As previously mentioned on Soylent News, late last year Twitter suspended several accounts associated with opposition to the Atheism+ movement and the Gamergate scandal.


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  • (Score: 1, Insightful) by Anonymous Coward on Saturday October 31 2015, @10:32PM

    by Anonymous Coward on Saturday October 31 2015, @10:32PM (#257013)

    Yes, the government is certainly not the only one who can censor information. It's like some people think that censorship is always necessarily bad or not allowed, so private companies must be incapable of it, but that is a misunderstanding of what qualifies as censorship.

    Censorship can be immoral and legal at the same time. Too many people misinterpret criticisms of some kind of censorship as saying "The website owner isn't legally allowed to do this.", but that is not what is being said.

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  • (Score: 1, Insightful) by Anonymous Coward on Saturday October 31 2015, @10:45PM

    by Anonymous Coward on Saturday October 31 2015, @10:45PM (#257018)

    It's like some people think that censorship is always necessarily bad or not allowed, so private companies must be incapable of it

    I think it's more that people often conflate 'free speech' and 'the First Amendment to the United States Constitution', which states that the gov't isn't allowed to "[abridge] the freedom of speech", i.e. practice censorship.

    The fact that there are laws against goverment censorship, but that there are no laws against private censorship, doesn't make it any less censorship.

  • (Score: 5, Insightful) by K_benzoate on Saturday October 31 2015, @11:02PM

    by K_benzoate (5036) on Saturday October 31 2015, @11:02PM (#257023)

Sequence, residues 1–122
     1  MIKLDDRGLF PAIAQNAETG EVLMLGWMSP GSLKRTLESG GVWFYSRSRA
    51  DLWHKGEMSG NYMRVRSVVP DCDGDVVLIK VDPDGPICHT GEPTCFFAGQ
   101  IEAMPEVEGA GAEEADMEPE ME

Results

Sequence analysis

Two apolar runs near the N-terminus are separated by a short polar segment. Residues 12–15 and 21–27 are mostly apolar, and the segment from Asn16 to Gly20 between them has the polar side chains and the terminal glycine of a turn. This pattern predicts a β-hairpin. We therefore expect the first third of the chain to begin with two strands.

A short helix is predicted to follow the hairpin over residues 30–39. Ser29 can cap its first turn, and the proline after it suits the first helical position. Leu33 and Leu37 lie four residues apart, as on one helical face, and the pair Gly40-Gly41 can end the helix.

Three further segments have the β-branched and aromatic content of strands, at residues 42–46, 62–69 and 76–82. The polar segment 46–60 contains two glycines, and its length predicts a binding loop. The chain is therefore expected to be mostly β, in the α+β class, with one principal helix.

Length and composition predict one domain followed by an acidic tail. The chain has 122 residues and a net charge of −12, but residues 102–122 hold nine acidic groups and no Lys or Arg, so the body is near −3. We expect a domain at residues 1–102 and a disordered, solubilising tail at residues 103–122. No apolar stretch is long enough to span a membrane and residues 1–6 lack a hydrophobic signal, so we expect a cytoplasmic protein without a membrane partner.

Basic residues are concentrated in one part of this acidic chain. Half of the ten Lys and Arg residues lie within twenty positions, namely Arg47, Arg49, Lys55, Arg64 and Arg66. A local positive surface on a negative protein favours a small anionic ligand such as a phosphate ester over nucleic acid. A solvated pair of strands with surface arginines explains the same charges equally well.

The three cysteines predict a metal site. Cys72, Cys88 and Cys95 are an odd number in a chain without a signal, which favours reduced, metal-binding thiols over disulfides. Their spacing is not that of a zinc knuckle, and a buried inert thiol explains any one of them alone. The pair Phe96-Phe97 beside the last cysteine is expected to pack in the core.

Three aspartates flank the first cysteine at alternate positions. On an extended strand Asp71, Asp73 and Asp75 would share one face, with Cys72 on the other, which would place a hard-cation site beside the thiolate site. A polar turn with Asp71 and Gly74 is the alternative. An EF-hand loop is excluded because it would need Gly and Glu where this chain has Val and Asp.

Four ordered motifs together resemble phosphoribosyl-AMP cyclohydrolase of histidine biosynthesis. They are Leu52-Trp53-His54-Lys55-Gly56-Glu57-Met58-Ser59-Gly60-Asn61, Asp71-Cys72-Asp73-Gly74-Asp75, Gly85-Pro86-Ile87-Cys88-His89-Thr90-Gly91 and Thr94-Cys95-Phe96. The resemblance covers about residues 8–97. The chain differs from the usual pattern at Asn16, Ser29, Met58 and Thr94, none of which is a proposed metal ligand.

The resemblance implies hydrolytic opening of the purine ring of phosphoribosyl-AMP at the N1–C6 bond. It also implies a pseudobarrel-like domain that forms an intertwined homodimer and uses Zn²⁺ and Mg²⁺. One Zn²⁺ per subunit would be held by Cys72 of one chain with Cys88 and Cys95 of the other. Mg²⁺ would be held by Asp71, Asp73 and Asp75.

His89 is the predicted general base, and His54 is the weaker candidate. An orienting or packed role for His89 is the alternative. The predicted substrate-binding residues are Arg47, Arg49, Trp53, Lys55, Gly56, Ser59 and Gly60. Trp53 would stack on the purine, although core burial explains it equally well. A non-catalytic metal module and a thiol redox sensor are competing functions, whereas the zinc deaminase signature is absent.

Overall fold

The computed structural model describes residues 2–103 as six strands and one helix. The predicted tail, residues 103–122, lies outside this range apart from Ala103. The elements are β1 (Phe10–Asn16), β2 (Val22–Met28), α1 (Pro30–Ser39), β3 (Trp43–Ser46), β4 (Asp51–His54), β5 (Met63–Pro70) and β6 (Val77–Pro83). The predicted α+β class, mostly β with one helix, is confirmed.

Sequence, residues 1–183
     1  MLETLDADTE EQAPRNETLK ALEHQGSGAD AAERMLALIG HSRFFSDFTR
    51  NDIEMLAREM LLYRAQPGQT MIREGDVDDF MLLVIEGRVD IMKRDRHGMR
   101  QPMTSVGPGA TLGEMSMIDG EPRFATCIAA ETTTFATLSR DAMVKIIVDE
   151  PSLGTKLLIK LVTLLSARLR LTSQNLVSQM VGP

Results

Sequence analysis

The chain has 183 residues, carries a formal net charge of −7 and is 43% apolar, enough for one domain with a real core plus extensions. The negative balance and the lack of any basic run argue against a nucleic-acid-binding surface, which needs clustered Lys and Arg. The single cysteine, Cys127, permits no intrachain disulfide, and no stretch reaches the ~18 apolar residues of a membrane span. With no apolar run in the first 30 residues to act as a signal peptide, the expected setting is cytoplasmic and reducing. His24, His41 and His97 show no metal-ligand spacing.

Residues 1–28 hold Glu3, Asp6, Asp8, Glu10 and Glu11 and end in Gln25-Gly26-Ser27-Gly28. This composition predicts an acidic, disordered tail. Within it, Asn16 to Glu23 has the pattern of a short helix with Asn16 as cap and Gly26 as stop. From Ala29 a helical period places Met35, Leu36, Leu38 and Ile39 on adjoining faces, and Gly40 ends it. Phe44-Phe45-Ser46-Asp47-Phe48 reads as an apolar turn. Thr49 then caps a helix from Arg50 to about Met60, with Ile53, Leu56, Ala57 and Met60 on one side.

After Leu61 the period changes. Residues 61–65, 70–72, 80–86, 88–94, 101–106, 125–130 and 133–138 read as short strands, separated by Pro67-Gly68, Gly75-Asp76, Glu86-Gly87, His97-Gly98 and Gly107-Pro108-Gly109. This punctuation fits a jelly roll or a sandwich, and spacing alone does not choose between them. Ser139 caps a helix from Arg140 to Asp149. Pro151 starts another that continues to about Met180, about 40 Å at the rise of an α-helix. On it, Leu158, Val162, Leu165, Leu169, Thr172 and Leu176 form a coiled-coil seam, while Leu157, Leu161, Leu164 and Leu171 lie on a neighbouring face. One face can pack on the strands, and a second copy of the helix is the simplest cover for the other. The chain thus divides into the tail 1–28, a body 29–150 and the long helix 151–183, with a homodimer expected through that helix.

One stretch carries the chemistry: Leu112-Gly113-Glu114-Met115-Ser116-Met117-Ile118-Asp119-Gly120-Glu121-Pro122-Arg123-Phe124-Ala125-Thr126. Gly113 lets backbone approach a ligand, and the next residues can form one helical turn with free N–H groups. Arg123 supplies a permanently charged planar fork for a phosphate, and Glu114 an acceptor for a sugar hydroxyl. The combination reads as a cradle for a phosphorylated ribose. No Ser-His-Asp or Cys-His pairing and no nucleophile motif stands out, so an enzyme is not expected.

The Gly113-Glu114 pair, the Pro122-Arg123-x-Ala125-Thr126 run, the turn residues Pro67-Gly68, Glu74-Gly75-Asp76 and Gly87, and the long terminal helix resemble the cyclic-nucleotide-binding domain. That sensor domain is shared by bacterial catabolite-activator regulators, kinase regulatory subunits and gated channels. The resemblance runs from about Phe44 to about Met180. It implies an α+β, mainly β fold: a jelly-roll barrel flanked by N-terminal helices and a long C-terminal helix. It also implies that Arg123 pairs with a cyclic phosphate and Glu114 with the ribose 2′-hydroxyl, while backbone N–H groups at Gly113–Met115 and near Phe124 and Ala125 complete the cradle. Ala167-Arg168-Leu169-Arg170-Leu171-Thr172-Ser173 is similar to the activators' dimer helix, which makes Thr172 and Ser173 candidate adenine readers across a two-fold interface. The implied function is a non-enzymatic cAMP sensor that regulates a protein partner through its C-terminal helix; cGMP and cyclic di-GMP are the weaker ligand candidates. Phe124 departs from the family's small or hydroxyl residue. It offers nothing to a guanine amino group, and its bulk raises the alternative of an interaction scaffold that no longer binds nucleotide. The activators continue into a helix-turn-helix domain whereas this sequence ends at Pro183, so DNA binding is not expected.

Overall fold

You also need to understand that for a small but vocal minority freedom of speech has been seriously deemphasized in favor of emotional comfort (safe spaces) and inclusivity--which is a stalking horse for bullying anyone deemed to be tainted by "privilege". They are very much in favor of drawing a line around freedom of speech to exclude anything they consider "hate speech" or "problematic speech". Their definition for these categories is so broad, and so fluid, that granting them control over this vetting process amounts to handing them carte blanch to veto anyone's human rights on a whim.

    This isn't liberalism, it's authoritarianism, and real liberals who want to preserve liberal values like Freedom of Expression had better stand up and object to this behavior. These horribly illiberal policies simply have to lose. The edifice of human rights is built on the foundation of Free Expression and if we lose that foundation we are doomed. There's nothing that can't be taken away from you once you've lost the freedom to object. This is serious stuff, and it matters even if the specific skirmishes appear to be happening in rather trivial cultural spaces. Who cares about video games and sci-fi books? You should, because one day they'll come for something YOU do care about [dancerscode.com] and your ranks of allies will be that much thinner for your inaction.

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    • (Score: 3, Insightful) by frojack on Sunday November 01 2015, @07:14AM

      by frojack (1554) Subscriber Badge on Sunday November 01 2015, @07:14AM (#257114) Journal

      They are very much in favor of drawing a line around freedom of speech to exclude anything they consider "hate speech" or "problematic speech".